Well, I'd rather say that I added a rule that I just forgot to mention it in the first post, sorry for that. As you say, turning the key does not remove the battery but there are currently no cables available directly from the battery. However, which I didn't think of when I wrote my first post, there will be, since I recently connected a shunt to the battery for measuring the current. I didn't finish that yet though, but I will as soon as I get some time to do it. So yes, battery voltage will be available even when the scooter is turned off, as long as I don't disconnect the battery, which is located under the seat and connected with a red Anderson connector. I'm sorry that I didn't think of this when writing this thread. And I remove the battery almost every day to recharge it in my apartment, that's still true, but maybe not that important to know about… :P

dave-in-nj: you can easily write a sketch that says, when the key is turned off. save the data. if you do this twice a day, your eeprom is fine. if you do that 10 times a day, the MTBF for the eeprom would be over 30 years. and in fact, this is the best signal to use to write the data. this makes my previous posts easier to implement. when you turn on the key, the Arudino will take a few seconds to come alive. if you power the ON circuit to start with the turn of the key, you can easily have the unit powered from the battery so that the key on turns on a relay that powers the arduino. then, either complete power loss, power failure or battery removal would be one way to have the relay fail to open. the arduino could write to eeprom, then open the relay and remove power from itself. this would be done before you removed the battery. once power is lost, either by battery removal or self shut-off, a new key turn would be required to re-start.

My native language is not English, which some times leads to misunderstandings, but it seems like your suggestion involves another DC/DC converter, right? The scooter has one already to make it possible to use standard equipment, such as 12 V light bulbs and so on, but it's turned off with the key. So what I need is another DC/DC converter that is powered directly from the 60 V battery, since the Arduino doesn't like to be powered with 60 VDC (in reality about 63-70 VDC), and since I need 12 V for a little while after the scooter had been turned off with key. Or did I totally misunderstand?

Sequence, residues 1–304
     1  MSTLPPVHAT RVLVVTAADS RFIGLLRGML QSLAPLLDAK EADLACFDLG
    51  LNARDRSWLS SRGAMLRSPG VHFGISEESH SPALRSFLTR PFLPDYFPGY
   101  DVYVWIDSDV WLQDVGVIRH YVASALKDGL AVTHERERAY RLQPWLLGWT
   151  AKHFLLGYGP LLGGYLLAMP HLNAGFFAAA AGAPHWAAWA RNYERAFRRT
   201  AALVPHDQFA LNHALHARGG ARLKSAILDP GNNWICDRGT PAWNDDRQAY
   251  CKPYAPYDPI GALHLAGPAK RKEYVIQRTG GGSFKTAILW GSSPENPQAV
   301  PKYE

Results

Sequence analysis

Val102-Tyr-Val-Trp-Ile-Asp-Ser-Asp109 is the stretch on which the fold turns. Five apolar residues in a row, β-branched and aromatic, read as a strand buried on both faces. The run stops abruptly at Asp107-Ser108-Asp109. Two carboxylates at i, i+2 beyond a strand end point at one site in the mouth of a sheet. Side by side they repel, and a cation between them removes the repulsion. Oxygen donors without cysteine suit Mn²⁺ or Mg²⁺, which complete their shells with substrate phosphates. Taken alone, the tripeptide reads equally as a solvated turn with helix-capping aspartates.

guraknugen:
So yes, battery voltage will be available even when the scooter is turned off

OK, so here’s a suggestion: When the odometer value hasn’t changed for x seconds do the EEPROM write. You just need to figure out the minimum number of seconds from stopping the scooter to removing the battery and set x to a bit less than that value. This will cause some unnecessary writes when you have stopped but didn’t remove the battery so you would have to analyze the EEPROM life for your usage. Another possibility for extending the EEPROM life if you have unused EEPROM is to save the number of writes you have done and then when that number reaches 100000 change the EEPROM addresses to the next unused cells.

pert: OK, so here's a suggestion: When the odometer value hasn't changed for x seconds do the EEPROM write. You just need to figure out the minimum number of seconds from stopping the scooter to removing the battery and set x to a bit less than that value. This will cause some unnecessary writes when you have stopped but didn't remove the battery so you would have to analyze the EEPROM life for your usage. Another possibility for extending the EEPROM life if you have unused EEPROM is to save the number of writes you have done and then when that number reaches 100000 change the EEPROM addresses to the next unused cells.

Yes, I see what you mean. That would probably also work. I'll probably go back and forth in my mind between the different ideas that has been mentioned in this thread before I decide what the final design is going to look like and why… I guess I have some time to think; I didn't even buy the Arduino yet and a few more details are not solved yet, but I'll get there!

Thanks to everyone! I must say that this forum seems to be very active and alive. I have also visited the Swedish Arduino forum, and it was… what could I say… dead… :grin:

For my own amusement I put together a model circuit to do the capacitor hold up long enough to write EEPROM and ran it through the simulator. This is using the SIMetrix tool.

Unless I’ve gotten something terribly wrong or misunderstood the problem, the capacitor value isn’t unreasonable, so I think that approach could work. With a 2200 uF capacitor, the hold up time is on the order of 0.15 seconds where about 3 ms is required per write to the EEPROM.

The circuit is as shown in the attachment with the following explanation:

  • V1 - simulates the 12 volts from your 60 to 12 volt DC converter.
  • S1 - simulates the key switch on the scooter and V2 is a pulse to turn it on then off for the simulation
  • R2, R3, R6 - a voltage divider to get a “Sense_Pin” that is monitored by the Arduino to determine that primary voltage has been removed and the shutdown process should start. There is an implicit assumption that the 12 volt input is reasonably well constrained, otherwise more protection of the sense pin input may be required. There is also an implicit assumption that the voltage drops quickly which may not be the case if the DC-DC converter is on the other side of the switch and has significant capacitance on it’s output.
  • D1 & C1 are the hold up circuit, C1 holds voltage to the Arduino long enough for the shutdown recording, D1 prevents the charge from getting back to the sense pin
  • X1, R1, R4, R5 emulate the Arduino regulated power supply and load with ~50 mA nominal current drain

You also may consider using a cheap ds1307, offering 56 bytes of non volatile RAM (battery backed) with unlimited writes...